The first day of the infection, and I tripped. My stuff spilled everywhere and I took a dive over concrete.
There was a nasty scab wound extending from my elbow about halfway up my arm as
a reminder of this little catastrophe. Needless to say, the Zombies didn't have
any trouble catching me after I went face first into the ground. I was
infected, three hours into the game. How lame is that?
The Life of a Zombie
I was pretty mad about being tagged so early in the game.
Some later news salved my wounds- in a single day the infection had spread to
around a hundred people. At least plenty of other people had been caught too. I
joined my new Zombie compatriots with fresh enthusiasm for hunting Humans.
The vast majority of the game has been condensed down into
this section simply to avoid boring you. 80-90% of a Zombie's life is walking
around campus and looking for Humans to infect. There is a lot of downtime. I spent far more time idly chatting with other Zombies
than actually chasing down Humans. If nothing else, you meet some interesting
However, when you do see a human... that's when the intense
part starts. The feeling of chasing down a lone Human is amazing. It's a little
difficult to do by yourself, though. Zombies quickly learned to hunt in packs.
A single Human might have enough ammo to stun three or four zombies, but they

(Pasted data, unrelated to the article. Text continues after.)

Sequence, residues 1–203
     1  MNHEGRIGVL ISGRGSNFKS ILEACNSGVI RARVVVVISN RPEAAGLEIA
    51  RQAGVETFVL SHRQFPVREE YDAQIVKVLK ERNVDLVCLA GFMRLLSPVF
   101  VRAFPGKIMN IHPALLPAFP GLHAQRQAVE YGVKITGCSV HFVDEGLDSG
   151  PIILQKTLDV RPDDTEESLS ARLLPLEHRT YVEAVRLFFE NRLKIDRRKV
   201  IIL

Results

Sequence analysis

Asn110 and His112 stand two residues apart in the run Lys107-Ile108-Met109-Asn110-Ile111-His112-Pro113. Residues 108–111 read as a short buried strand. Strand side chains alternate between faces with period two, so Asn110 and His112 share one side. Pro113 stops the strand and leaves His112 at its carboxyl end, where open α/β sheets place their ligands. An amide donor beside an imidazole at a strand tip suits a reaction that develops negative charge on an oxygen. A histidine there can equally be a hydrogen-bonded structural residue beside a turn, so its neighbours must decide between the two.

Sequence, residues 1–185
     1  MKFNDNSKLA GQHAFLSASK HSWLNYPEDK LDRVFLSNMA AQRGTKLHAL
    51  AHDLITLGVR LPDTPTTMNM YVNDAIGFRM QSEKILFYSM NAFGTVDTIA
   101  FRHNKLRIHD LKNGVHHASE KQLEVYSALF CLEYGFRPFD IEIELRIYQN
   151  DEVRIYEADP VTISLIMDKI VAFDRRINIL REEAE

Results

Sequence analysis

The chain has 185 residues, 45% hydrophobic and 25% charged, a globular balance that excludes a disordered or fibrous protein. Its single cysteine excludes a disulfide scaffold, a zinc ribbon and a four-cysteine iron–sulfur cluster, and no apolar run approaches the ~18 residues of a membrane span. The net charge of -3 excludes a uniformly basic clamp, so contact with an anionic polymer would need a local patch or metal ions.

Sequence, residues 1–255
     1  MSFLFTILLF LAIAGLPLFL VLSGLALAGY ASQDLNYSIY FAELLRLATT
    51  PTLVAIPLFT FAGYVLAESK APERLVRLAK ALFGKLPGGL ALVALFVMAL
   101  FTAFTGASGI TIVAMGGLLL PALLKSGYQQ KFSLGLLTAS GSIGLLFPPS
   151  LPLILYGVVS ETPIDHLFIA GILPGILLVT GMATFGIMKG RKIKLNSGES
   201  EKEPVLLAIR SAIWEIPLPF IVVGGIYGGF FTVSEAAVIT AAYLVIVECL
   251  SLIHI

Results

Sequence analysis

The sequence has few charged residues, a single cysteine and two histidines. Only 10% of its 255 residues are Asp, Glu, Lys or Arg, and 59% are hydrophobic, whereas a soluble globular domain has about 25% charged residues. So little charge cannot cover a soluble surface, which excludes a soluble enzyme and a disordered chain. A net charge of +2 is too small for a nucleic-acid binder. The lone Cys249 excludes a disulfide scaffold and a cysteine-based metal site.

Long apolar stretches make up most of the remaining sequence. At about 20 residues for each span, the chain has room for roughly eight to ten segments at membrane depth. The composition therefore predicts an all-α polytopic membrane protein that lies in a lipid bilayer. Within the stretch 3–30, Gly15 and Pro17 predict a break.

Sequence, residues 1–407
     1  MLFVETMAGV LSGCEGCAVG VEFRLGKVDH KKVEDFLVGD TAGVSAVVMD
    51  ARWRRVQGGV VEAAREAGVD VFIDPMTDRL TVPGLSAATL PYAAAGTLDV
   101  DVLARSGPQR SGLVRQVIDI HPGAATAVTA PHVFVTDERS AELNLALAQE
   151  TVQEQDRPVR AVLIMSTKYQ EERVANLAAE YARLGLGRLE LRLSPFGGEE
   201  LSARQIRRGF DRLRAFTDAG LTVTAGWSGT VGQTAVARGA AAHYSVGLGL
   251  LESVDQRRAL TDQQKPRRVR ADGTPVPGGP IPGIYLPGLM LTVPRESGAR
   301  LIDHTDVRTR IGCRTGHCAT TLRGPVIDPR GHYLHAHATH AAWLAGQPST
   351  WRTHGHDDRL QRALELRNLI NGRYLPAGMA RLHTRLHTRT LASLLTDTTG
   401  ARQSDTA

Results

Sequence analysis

were quickly overwhelmed by groups of eight to ten. The Zombie packs even began
using basic tactics like chasing prey into ambushes. Infecting the Humans was serious
I didn't get a whole lot of kills. To date I have personally
killed three Humans, one of whom I mistakenly let go. It's hard to tag someone
when they have a dart gun and can shoot you from ten feet. As you can tell, I'm
not great at this game. Being a Zombie is still a lot of fun. It's a massive
rush to slowly walk through a crowd of people, looking for prey to infect.
Spotting, chasing, and taking down targets in a group of people feels like a
real-life version of the multiplayer in Assassin's Creed.
Surviving the Odds
It was really fascinating to watch how people's behavior
changed over time. Natural selection
was very much in evidence. If you aren't as familiar with evolutionary theory,
natural selection is the idea that nature "selects" traits that are better for
survival in a given environment. Animals with the best traits have the highest
chance of surviving. The idea is super important in biology.
Our game was kind of similar to that. Over time, those who
were careful and had huge NERF machine guns (favorable traits) survived while
the rash or underpowered Humans died out. Teamwork was another big facrot in
survival. The Humans organized even more quickly than the Zombies, but they had
a leader. One of the Humans was a Marine in the ROTC program. He
brought organization, discipline, and effectiveness to the survivors. They
would not have lasted nearly as long without his leadership.
The ROTC guy kind of made infecting people difficult. Chasing down
one Human was easy enough when you've got a pack of Zombies at your back, but
how do you deal with an organized group divided into fire teams? That man knew
his zombie-killing. He even named his group S. T. A. R. S. after the team from